Like many "new" , Anzu wyliei fossils were discovered some years ago, and it took more time for researchers to study the fossils and write and publish a formal scientific description. As a graduate student at the University of Pennsylvania, Schachner helped Lyson excavate the least complete specimen – six bones from the neck, forelimbs and shoulder – in North Dakota. The Carnegie Museum obtained the other specimens.

Emma Schachner, a postdoctoral fellow in biology at the University of Utah, worked with researchers from the Carnegie Museum of Natural History and the Smithsonian's National Museum of Natural History to publish a study unveiling the discovery, name and description of a 66-million-year-old bird-like, beaked, head-crested 500-pound dinosaur species, Anzu wyliei, which the researchers nicknamed the "chicken from hell." Schachner recently has studied the respiratory systems of lizards and alligators, like the one she is holding here. Credit: Bob Cieri, University of Utah

At a scientific meeting in 2005 Lamanna, Lyson and Schachner realized they had fossils of the same new species of dinosaur. They soon began collaborating on the new study and asked Sues to join them because he was an expert on this type of dinosaur, Schachner says.

"It took years since all of us had busy schedules, and I moved to Utah in 2010 to work on reptile respiratory evolution," she says.

The study's four authors finally met for a week at the Carnegie Museum to work on the dinosaur together. Among other tasks, Schachner illustrated and photographed some of the bones.

She says the process was "really exciting. Naming a dinosaur is one of those things I've wanted to be involved in since I was a kid."

Explore further: 'Montana Dueling Dinos' to sell at NYC auction

More information: Lamanna MC, Sues H-D, Schachner ER, Lyson TR (2014) A New Large-Bodied Oviraptorosaurian Theropod Dinosaur from the Latest Cretaceous of Western North America. PLoS ONE 9(3): e92022. doi:10.1371/journal.pone.0092022. dx.plos.org/10.1371/journal.pone.0092022

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2.7 / 5 (10) Mar 19, 2014
For some reason, dinosaurs - no matter what species or from what time - are always depicted as exhibiting the fiercest, most ferocious expressions. In fact, I am certain that they were all lovably cute-looking creatures in their own right, with big shiny eyes and pleasing dispositions, because the farther back you go, the more innocent life gets. Man is the fiercest, most ferocious creature that ever evolved on this world, and humans have this strange and shallow obsession with beauty, with which fierceness and ferocity are incompatible. There is an opening somewhere for a paleontological psychologist. I want to start seeing cute dinosaurs. Think ostrich eyes with long eyelashes. Love is the merry-go-round that throws life off superfluously.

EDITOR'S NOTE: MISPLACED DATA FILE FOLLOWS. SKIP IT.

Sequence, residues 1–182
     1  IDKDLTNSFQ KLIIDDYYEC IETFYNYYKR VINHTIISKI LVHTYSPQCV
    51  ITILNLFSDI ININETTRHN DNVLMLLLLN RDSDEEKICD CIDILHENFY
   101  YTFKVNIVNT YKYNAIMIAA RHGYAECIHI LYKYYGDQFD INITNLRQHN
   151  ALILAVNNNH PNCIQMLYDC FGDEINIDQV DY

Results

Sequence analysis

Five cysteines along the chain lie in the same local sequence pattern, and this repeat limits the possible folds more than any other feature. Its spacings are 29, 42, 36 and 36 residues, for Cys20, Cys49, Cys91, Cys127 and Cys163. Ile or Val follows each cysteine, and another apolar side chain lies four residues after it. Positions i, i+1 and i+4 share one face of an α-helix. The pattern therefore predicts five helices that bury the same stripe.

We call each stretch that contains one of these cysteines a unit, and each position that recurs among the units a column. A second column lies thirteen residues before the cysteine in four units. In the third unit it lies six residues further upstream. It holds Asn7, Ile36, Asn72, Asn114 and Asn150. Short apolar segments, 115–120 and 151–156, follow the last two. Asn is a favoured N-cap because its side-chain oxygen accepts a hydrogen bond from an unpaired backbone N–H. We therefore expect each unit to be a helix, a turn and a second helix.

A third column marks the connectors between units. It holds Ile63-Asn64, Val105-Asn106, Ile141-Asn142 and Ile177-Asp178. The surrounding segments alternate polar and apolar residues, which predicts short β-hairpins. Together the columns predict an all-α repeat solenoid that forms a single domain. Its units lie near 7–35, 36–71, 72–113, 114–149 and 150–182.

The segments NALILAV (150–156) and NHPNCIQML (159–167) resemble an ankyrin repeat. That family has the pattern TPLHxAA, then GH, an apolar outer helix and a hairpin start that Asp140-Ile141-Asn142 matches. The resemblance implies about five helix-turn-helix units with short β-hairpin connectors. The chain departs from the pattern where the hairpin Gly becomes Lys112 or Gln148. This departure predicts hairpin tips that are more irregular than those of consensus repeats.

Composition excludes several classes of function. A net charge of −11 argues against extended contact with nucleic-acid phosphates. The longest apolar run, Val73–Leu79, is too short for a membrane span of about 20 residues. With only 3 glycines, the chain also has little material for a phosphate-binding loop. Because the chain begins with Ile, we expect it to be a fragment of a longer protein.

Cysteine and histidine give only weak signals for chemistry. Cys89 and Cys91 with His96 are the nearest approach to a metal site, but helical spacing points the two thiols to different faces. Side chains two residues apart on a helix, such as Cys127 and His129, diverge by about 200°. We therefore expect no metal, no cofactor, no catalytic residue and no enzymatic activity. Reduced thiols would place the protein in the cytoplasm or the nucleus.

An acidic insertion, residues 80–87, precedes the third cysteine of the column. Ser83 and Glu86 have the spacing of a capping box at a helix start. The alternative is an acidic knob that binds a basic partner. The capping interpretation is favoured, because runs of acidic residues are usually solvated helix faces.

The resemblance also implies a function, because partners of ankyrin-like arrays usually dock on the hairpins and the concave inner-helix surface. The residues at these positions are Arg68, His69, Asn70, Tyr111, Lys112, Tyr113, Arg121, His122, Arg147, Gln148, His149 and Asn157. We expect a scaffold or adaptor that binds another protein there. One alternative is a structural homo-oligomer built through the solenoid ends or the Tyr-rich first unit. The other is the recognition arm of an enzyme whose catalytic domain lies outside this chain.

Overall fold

4 / 5 (8) Mar 19, 2014
Mmm, tastes just like chicken...
One bird feed tribe all week...
4.3 / 5 (6) Mar 19, 2014
" because the farther back you go, the more innocent life gets"
Nonsense, living creatures have been brutally killing other living creatures for nearly as long as their have been living creatures. it is called survival of the fittest for a reason.
5 / 5 (3) Mar 20, 2014
For some reason, dinosaurs - no matter what species or from what time - are always depicted as exhibiting the fiercest, most ferocious expressions.

There are so many things we'll probably never know. (i.e. colours, how they lived etc).
5 / 5 (3) Mar 20, 2014
Mmm, tastes just like chicken...
One bird feed tribe all week...

and probably vice versa. if the tribe is big enough maybe 2 weeks.
5 / 5 (1) Mar 20, 2014
5 stars for Emma Schachner, a real life example of one of Cussler's female scientists in his novels!
3 / 5 (2) Mar 20, 2014
" because the farther back you go, the more innocent life gets"

Yeah, for example, crocodiles and sharks who ascendancy go back hundreds of millions of years, are as cuddly as babies. They do all the cuddling, though.